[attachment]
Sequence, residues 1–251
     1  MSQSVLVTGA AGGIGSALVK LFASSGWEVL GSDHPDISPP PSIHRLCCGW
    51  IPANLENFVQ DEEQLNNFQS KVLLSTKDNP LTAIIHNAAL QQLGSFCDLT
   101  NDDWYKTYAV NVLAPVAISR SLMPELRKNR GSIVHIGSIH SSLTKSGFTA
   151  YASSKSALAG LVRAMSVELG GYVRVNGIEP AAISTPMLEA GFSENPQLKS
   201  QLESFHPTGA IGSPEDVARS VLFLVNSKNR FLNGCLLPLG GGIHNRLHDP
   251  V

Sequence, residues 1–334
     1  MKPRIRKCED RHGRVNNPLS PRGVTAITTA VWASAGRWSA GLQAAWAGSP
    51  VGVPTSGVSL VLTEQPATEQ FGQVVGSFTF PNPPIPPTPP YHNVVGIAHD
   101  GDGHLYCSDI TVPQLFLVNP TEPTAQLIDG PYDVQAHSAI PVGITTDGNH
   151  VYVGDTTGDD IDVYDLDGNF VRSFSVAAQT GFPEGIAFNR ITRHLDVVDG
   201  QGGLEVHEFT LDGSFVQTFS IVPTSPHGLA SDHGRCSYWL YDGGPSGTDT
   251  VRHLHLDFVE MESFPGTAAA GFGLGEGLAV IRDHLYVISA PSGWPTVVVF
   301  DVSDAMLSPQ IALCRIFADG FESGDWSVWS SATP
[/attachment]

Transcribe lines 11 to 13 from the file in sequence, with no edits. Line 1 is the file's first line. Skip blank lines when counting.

   101  GDGHLYCSDI TVPQLFLVNP TEPTAQLIDG PYDVQAHSAI PVGITTDGNH
   151  VYVGDTTGDD IDVYDLDGNF VRSFSVAAQT GFPEGIAFNR ITRHLDVVDG
   201  QGGLEVHEFT LDGSFVQTFS IVPTSPHGLA SDHGRCSYWL YDGGPSGTDT